GERMANY; Munich. Politicians want to regulate the work of the meat industry more closely. It is receiving support for this from the scientific community.
Economists at German universities consider state intervention in the meat market and increased regulation of animal welfare to be necessary. This is the result of a survey of 123 professors presented last week by the ifo Institute and the Frankfurter Allgemeine Zeitung. According to the survey, 85% of the respondents are in favour of regulations on animal welfare. 72% are in favour of state intervention for the protection of workers. Regulations on climate and environmental protection, on the other hand, are only approved by 52%. Only a minority of 6% of the economists are against any measures.
Little sympathy for banning sales contracts
With regard to labour market policy measures for the meat industry, 69% favour increased state controls. More than half of the economists surveyed also consider the regulation of subcontractors to be sensible; comparable approval ratings achieve higher minimum standards for the accommodation of employees and for occupational health and safety as well as better medical care for employees. The respondents largely reject a higher minimum wage in the meat industry. Only 12% support this. The economists also consider a ban on factory representation to be comparatively unproductive, with only around a quarter of those surveyed seeing it as a sensible measure. Only 3% are against any labour market policy measures in the meat industry percent of the participants.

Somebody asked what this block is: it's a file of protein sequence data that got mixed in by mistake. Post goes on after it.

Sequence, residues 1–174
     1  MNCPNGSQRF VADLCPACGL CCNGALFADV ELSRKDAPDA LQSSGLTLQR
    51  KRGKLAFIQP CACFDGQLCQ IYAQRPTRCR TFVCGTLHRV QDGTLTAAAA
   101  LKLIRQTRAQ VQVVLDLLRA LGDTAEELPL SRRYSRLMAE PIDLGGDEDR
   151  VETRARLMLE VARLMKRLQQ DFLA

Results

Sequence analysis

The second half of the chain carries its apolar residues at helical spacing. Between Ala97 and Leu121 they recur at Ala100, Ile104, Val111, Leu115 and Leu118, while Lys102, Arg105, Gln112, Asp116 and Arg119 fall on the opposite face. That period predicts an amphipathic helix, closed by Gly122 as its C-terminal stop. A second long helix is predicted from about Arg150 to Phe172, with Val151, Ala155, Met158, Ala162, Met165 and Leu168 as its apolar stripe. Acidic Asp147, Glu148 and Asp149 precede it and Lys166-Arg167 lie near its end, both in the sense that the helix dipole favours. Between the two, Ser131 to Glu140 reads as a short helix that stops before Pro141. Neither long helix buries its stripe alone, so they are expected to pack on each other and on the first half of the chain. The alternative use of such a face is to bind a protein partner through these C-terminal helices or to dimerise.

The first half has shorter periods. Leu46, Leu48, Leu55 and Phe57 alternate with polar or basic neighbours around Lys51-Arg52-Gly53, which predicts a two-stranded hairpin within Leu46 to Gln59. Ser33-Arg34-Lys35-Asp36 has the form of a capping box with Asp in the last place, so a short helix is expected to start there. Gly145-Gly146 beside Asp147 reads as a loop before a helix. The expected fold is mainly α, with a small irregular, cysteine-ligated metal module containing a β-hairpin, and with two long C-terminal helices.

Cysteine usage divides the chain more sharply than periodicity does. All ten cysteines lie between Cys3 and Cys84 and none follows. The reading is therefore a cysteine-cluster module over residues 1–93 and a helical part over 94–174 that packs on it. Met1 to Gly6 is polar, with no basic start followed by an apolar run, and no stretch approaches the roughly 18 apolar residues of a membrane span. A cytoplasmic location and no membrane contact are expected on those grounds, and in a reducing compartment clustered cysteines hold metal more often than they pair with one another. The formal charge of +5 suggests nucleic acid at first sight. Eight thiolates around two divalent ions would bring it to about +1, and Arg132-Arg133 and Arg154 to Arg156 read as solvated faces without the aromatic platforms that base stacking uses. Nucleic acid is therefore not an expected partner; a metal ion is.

The field of participants is much more divided when it comes to the question of a uniform regulation of working conditions in the meat industry at European level. 38% of those questioned reject a uniform regulation and, according to the ifo Institute, justify this by the different production conditions and preferences in the member states, distortions of competition and a lack of competence at European level. At the same time, 36% of the participants are in favour of standardisation. They expect that undercutting competition with negative consequences for animal welfare, employees and the environment could be prevented. With regard to climate protection, 56% of the economists are in favour of integrating the meat industry into the European CO2 certificate trade. Half of those questioned are in favour of a CO2 tax on meat products; somewhat less support is expressed for rules and bans on livestock farming.
Source: fleischwirtschaft.de; AgE